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Fabrication of Polymer Electrolytes for 3D-Microbatteries
Uppsala University, Disciplinary Domain of Science and Technology, Chemistry, Department of Chemistry - Ångström, Structural Chemistry.
2013 (English)Licentiate thesis, comprehensive summary (Other academic)
Abstract [en]

Pressing demands on electrical energy storage require high power and high energy density rechargeable batteries with improved safety, reliable performance and low cost. This has led to reconsiderations in the choice of battery chemistry and battery design. Practical concerns originating from the use of flammable liquid electrolytes has renewed the interests in using solvent-free polymer electrolytes as flexible solid ionic conductors. At the same time, the limitations of conventional planar battery designs have seen the utilization of these materials in novel battery designs, such as three-dimensional microbatteries (3DMBs).

In this work, solvent-free polymer electrolytes have been tailored for 3DMB applications, due to their beneficial properties of non-flammability and dimensional stability. Polymer electrolytes based on functionalized poly(propylene glycol) triamine (PEA)-based oligomer have been developed via different synthetic routes, their potential use in 3DMBs has been demonstrated, and also their applicability for batteries of conventional dimensions. By tailoring the functionality in PEA oligomer, the electrolyte can be self-assembled and in-situ polymerized onto semi-3D (e.g., LiFePO4 composite) and 3D electrodes (e.g., 3D Cu-nanopillar) using in-situ UV-initiated polymerization or electropolymerization. The obtained conformal and uniform coatings, with thicknesses down to micro- and nano-dimensions, display useful ionic conductivity and stability for 3DMB applications.

Moreover, high molecular weight poly(trimethylene carbonate) (PTMC), serving as a polymer host material alternative to the conventional polyethers, was investigated for Li-ion batteries and potential implementation in 3DMBs. Polymer electrolytes with useful electrochemical stability and flexibility have been tested in LiFePO4 half-cells and demonstrate promising cycling performance comparable to liquid electrolyte-based counterparts at elevated temperature. 

Place, publisher, year, edition, pages
Uppsala: Kph Trycksaksbolaget , 2013. , 50 p.
Keyword [en]
3D-microbattery, Polymer electrolyte, Multifunctional monomer, Polyetheramine, Polycarbonate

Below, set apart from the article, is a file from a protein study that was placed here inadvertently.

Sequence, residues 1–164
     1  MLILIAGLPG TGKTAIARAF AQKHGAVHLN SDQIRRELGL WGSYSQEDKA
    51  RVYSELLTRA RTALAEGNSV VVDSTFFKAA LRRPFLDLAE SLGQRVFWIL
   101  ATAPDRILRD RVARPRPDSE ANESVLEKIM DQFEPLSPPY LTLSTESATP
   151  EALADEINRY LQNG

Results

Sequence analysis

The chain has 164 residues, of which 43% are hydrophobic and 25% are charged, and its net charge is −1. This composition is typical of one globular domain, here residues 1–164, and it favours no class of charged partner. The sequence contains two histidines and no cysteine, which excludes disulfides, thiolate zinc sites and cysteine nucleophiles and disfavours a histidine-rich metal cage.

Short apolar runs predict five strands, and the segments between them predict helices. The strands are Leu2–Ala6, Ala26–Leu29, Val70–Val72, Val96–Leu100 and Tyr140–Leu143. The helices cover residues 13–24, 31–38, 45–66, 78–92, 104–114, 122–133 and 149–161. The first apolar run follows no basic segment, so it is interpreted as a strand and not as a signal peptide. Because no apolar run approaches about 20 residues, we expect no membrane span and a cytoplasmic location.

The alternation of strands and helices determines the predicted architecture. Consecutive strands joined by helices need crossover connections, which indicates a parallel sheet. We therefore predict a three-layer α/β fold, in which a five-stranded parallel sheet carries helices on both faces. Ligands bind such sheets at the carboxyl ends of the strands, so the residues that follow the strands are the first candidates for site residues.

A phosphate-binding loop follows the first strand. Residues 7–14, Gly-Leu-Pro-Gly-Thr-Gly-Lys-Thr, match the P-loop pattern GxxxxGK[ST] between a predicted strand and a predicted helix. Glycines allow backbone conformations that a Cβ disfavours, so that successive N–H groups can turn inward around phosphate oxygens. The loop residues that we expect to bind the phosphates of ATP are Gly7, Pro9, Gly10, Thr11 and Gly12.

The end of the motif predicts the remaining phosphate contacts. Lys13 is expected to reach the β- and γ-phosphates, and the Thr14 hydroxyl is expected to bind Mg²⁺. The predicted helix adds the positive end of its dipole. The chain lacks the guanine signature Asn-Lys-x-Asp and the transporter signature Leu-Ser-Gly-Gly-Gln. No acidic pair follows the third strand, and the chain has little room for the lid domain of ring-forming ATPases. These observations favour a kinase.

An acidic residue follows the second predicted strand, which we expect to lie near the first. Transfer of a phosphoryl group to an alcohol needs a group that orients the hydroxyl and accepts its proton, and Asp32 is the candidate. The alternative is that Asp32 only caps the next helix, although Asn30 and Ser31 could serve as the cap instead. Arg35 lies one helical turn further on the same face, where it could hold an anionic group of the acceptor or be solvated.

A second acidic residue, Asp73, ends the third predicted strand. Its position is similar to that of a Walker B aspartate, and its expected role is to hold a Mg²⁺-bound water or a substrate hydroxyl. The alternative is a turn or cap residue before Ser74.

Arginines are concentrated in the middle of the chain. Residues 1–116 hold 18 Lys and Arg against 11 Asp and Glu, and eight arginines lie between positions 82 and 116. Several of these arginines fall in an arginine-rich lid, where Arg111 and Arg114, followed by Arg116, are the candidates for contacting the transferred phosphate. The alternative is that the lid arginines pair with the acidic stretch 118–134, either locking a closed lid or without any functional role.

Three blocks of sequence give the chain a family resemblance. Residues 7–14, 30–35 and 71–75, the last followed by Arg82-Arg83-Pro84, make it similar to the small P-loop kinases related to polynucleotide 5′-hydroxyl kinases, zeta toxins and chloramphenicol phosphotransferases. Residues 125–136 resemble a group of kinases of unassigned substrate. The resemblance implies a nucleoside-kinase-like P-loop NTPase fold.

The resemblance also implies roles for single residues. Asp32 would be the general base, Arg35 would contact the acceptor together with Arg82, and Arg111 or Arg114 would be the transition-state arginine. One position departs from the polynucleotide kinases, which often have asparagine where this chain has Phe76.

National Category
Chemical Sciences
Research subject
Chemistry with specialization in Materials Chemistry
Identifiers
URN: urn:nbn:se:uu:diva-208992OAI: oai:DiVA.org:uu-208992DiVA: diva2:655590
Supervisors
Available from: 2013-10-16 Created: 2013-10-12 Last updated: 2013-10-16Bibliographically approved
List of papers
1. Solid polymer electrolyte coating from a bifunctional monomer for three-dimensional microbattery applications
Open this publication in new window or tab >>Solid polymer electrolyte coating from a bifunctional monomer for three-dimensional microbattery applications
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2013 (English)In: Journal of Power Sources, ISSN 0378-7753, E-ISSN 1873-2755, Vol. 238, 435-441 p.Article in journal (Refereed) Published
Abstract [en]

This work comprises the synthesis and characterization of a novel solid polymer electrolyte based on oligomeric polyetheramine substituted with a methacrylic group at one of its three chain ends. This modification introduces a bifunctionality to the PEA monomer it can act both as polymerizable unit and surfactant. Thin and pinhole-free polymer electrolyte layers could be constructed with thicknesses in the order of <1 mu m using UV-initiated polymerization. The electrolyte exhibits good electrochemical and chemical stability up to 4 V vs. Li+/Li. LiFePO4 cathode coated with the electrolyte was cycled against lithium at 60 degrees C, and displayed reasonable capacity values (similar to 140 mAh g(-1)) for 10 cycles, where after Li dendrite formation contributed to battery instabilities. 

Keyword
3D-microbattery solid electrolyte, Polymer electrolyte, Bifunctional monomer, Polyetheramine
National Category
Chemical Sciences
Identifiers